From The Desk Of Kleenex Girl Wonder: Copy Cats

Kleenex Girl Wonder just released 13th LP The Comedy Album. Graham Smith, who’s been making pan-genre pop rock in bedrooms, studios, forests and everywhere in between under the KGW name with various people since 1994, joins MAGNET as guest editor this week. Climb inside his skull as he figures out what it’s all about, whatever “it” may be.

copycats

Smith: I’m really excited about my band’s new LP, The Comedy Album, and not just in the way that I’m always excited about all of our new albums. I think that it represents an important milestone in the development of our sound(s) and approach(es) to putting records together. Squarepusher is one of my favorite artists; I don’t necessarily love all of his records, much less every song on every record, but he has a very methodical approach to determining what sorts of things he wants to do, and I’m guilty of trying to emulate that. I haven’t heard or read him say it, but Ultravisitor, an album he put out in 2004, always struck me as an attempt to collect all of the various things he had tried out one album at a time into a cohesive unit—sort of like a greatest-hits album with all new songs. I may be kidding myself, but I believe The Comedy Album feels like this (KGW-canon-wise), too.

Now, when I say I’m guilty of trying to emulate this one specific aspect of Squarepusher’s presumed compositional methodology, it’s a bit misleading, because throughout my career I’ve tried to emulate a lot of different people’s/bands’ methodologies. Usually, it’s bands I really like, but sometimes it’s bands I don’t particularly care for—I want to deliver what they seem to be trying to deliver, but better (by my standards, of course). One interesting thing I realized is that for this album, I can’t really pinpoint specific influences that I was trying to mimic.

To give you some examples of how flagrant I have been in the past. I can tell you that on Ponyoak, for instance, there are achingly specific touch-points (which I think you’ll see is a very generous term). In the climax of one song, I was basically consciously ripping off a particular Wilco vocal hook I liked; for the song “Wait For Me (Please),” I was trying to write a Wings song. Neutral Milk Hotel’s seminal/final album came out while I was recording it, so I did my best to rip off the whole “heartfelt acoustic song” thing, too (once Mango made it clear that he was hanging up his spurs, I decided that that was a shitty thing to do to all the people who liked his music so much, so I made a conscious effort to try to recreate—again, being generous to myself—some of that Neutral magic).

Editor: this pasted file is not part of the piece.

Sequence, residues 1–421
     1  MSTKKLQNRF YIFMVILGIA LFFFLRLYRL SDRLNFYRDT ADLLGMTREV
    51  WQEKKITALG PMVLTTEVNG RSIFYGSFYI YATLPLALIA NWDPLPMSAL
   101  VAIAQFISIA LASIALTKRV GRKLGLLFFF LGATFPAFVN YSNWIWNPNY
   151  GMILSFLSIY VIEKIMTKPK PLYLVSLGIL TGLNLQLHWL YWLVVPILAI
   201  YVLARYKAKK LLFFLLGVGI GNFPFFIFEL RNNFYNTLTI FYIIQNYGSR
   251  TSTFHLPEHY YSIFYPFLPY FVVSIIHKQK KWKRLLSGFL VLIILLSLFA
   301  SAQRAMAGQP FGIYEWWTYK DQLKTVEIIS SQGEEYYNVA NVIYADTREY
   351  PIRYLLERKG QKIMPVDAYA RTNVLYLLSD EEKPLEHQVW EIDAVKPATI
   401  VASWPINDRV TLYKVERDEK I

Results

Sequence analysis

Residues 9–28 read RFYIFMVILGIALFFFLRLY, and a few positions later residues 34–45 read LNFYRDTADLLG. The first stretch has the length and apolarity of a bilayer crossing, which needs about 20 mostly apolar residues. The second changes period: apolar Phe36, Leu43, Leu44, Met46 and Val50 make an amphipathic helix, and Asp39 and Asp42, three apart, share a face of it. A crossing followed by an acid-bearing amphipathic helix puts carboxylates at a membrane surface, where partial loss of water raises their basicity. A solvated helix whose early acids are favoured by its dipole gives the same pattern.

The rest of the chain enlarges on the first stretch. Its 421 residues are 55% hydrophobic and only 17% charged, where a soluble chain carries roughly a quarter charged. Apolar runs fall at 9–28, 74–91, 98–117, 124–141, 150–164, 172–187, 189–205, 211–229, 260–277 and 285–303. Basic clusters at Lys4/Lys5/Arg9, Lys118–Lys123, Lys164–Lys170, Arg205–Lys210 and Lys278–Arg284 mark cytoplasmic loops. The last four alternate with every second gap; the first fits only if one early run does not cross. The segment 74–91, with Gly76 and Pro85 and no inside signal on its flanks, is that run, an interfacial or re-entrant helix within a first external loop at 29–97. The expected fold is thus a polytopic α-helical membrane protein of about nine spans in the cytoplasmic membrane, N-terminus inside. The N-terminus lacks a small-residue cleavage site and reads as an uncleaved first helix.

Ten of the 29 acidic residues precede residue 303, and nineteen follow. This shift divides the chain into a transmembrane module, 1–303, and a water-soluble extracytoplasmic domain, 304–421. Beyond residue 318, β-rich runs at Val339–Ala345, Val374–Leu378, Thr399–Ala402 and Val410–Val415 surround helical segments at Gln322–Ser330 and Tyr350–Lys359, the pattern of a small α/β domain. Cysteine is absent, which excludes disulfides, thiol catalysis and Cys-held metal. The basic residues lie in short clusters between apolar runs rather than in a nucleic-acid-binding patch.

I never really consciously tried to reign in this mimetic tendency, though I have an excuse involving a competition to write a theme song for a new TV show (I lost), which gave this inspirational note as guidance; the song “Lots Of Love And A Long, Long Ladder” was my attempt at making a song that sounds like “Hey Ya.” I think I actually succeeded in that case, but I’m quite sure most people would disagree.

All of this self-incrimination aside, I think the main thing I tried to emulate on The Comedy Album was Kleenex Girl Wonder. When I started the band long ago, or more accurately when I tried to come up with a mission statement, I wanted to have a very wide variety of sounds, tones and moods. I played around with creating side projects a few times, but ultimately I folded them back into KGW because that was part of the thesis. In a certain sense, The Comedy Album delivers on that promise. There are a lot of different sounds and songwriting styles on display here. I hope to provide some insight into how I write and what inspires me in these articles, but I also hope to shed some light on how I think of KGW as a cultural unit in and of itself.